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Main elements of Abe’s security legislation

Reuters

The Upper House is expected to enact laws that could allow Japanese troops to fight overseas for the first time since World War II. Prime Minister Shinzo Abe says the changes are needed to address new challenges, including China’s growing military assertiveness. Critics say the laws violate the pacifist Constitution and could entangle Japan in U.S.-led conflicts.

Below are key points of the legislation, which consists of one new law and revisions to 10 existing laws.

‘Limited’ collective self-defense

This allows Japan to exercise its right to collective self-defense by deploying military forces to respond to an attack against a friendly foreign country under three conditions: the attack results in a threat to Japan’s survival, no other appropriate means are available, and use of force is limited to the minimum necessary.

As examples, Abe has cited defending a U.S. ship attacked while transporting Japanese citizens evacuating a conflict zone, or protecting a U.S. destroyer conducting surveillance for potential missile attacks on Japan.

Abe has said, as a general principle, troops will not be sent to fight in foreign territory or waters but that an exception could be made for mine-sweeping in the Strait of Hormuz, in the Persian Gulf, if maritime commerce is blocked. Abe has also said Japan will not send troops to fight in multinational conflicts such as the 2003 war in Iraq

International peace support law

A new, permanent law will allow the military, with prior Diet approval, to provide logistic support to armed forces of other countries seeking collectively to secure international peace, if a U.N. resolution has been adopted. Activities will be limited to areas where conflict is not underway.

This removes the need for a new, specific law for each operation as when Japan provided refueling support for U.S.-led operations in the Indian Ocean during the Afghan war.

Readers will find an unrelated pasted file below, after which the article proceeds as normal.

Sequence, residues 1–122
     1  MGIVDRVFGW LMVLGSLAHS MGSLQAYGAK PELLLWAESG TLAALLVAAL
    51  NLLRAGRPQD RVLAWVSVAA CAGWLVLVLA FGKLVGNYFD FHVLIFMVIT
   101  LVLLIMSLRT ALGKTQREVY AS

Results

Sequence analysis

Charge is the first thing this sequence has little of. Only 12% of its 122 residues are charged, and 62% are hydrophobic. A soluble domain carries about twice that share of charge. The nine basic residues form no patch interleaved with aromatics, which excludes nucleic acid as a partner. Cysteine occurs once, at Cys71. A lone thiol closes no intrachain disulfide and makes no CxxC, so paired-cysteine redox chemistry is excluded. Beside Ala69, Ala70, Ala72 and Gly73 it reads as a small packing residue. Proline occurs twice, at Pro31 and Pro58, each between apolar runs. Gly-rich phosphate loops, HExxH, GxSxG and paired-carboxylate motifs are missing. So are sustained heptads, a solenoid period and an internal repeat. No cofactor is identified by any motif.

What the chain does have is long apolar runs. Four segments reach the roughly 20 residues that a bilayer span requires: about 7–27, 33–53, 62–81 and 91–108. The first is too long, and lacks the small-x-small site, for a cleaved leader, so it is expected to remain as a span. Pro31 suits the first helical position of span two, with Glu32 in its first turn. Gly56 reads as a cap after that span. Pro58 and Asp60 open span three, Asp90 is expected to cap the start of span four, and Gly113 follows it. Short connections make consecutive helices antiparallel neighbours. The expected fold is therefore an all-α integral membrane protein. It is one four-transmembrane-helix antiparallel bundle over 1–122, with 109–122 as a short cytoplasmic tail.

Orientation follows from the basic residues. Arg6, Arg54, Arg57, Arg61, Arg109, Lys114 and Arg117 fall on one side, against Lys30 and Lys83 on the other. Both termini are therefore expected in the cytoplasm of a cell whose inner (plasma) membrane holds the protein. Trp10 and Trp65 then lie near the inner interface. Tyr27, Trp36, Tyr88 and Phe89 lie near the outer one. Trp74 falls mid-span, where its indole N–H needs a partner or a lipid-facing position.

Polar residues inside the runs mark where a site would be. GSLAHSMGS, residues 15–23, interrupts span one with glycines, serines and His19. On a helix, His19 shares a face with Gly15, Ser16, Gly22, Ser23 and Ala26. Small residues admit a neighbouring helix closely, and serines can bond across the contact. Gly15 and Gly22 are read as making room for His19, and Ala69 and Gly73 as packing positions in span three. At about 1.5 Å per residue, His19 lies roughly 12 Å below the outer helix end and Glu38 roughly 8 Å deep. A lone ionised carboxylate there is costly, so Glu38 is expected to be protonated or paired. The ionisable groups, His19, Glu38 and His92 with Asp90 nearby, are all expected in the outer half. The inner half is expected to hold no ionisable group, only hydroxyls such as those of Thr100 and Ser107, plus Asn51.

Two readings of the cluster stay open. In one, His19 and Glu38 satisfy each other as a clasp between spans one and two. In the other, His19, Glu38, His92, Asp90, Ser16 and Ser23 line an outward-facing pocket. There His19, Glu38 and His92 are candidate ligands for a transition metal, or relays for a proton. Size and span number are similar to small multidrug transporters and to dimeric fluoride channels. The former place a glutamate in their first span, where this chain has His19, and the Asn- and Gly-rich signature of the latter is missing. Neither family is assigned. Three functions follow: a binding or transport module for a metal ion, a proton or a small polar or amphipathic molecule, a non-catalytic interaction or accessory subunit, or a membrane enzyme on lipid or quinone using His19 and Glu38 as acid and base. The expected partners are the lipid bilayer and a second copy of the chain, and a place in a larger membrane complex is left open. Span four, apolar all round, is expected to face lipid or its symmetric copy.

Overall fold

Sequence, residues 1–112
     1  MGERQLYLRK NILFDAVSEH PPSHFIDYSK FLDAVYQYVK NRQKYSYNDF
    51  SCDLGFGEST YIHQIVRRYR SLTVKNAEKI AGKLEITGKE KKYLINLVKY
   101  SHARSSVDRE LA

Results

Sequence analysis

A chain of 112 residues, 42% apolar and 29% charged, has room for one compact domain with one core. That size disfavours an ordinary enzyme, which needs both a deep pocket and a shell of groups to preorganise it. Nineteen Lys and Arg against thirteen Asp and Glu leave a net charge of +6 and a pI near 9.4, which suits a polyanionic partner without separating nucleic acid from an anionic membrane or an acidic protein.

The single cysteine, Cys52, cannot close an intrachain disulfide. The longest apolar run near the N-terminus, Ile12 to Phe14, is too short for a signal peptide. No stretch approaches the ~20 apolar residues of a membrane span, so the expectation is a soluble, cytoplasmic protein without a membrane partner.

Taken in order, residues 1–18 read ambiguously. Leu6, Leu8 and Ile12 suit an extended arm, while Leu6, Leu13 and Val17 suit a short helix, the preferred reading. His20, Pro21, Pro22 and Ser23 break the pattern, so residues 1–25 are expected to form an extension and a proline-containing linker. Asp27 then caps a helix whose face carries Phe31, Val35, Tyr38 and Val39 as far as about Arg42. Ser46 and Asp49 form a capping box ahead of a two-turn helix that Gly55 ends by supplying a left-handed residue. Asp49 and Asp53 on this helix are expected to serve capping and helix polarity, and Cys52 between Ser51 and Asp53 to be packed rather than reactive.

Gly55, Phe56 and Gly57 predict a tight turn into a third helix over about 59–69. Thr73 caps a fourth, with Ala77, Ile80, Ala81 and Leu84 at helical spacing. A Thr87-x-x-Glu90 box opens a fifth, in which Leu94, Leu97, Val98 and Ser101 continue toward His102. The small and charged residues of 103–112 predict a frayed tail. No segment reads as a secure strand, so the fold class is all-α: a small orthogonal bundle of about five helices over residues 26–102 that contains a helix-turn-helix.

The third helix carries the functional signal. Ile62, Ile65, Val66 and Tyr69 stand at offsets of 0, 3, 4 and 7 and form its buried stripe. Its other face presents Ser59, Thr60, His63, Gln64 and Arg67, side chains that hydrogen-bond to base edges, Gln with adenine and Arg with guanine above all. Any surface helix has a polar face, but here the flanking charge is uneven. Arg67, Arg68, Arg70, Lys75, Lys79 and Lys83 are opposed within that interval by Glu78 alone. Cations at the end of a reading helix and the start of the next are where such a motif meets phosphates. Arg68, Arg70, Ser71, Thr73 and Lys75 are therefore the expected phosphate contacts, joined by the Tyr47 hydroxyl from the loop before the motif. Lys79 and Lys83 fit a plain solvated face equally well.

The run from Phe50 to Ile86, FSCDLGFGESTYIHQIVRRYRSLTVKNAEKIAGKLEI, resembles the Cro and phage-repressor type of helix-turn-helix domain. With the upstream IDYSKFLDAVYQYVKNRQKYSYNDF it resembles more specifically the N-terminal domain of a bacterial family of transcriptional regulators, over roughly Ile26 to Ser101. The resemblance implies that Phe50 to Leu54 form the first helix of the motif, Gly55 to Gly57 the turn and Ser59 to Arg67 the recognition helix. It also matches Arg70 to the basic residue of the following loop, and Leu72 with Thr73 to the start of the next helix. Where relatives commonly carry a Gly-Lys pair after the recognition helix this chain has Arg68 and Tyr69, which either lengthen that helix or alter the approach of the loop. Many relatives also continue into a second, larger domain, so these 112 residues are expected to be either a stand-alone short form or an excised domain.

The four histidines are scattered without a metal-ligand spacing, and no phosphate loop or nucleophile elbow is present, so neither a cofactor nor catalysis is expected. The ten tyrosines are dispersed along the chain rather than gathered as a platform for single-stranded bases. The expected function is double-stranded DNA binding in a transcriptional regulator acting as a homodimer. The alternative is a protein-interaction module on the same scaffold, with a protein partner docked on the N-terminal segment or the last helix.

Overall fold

Logistic support

Allows Japan to provide logistic support to the United States and other countries engaged in operations in situations with “important influence” on Japan’s security. This expands the current scope and clarifies that there are no geographical constraints.

It also expands the scope for providing services and supplies, including ammunition, to U.S. and other militaries.

The government has cited the example of logistical support in contingencies on the Korean Peninsula.

Abe has ruled out providing logistics support for U.S.-led operations against the Islamic State in the Mideast.

Peacekeeping operations

In addition to U.N. peacekeeping operations, it will allow Japan’s military to take part in multilateral peace and security operations outside the U.N. framework.

It allows Japanese forces to protect civilians or troops of other countries participating in peacekeeping duties, and it relaxes rules on use of weapons during peacekeeping operations.

Asset protection

It allows Japan’s military to protect weapons and other equipment of U.S. and other countries’ armed forces when they are engaged in operations that contribute to Japan’s defense.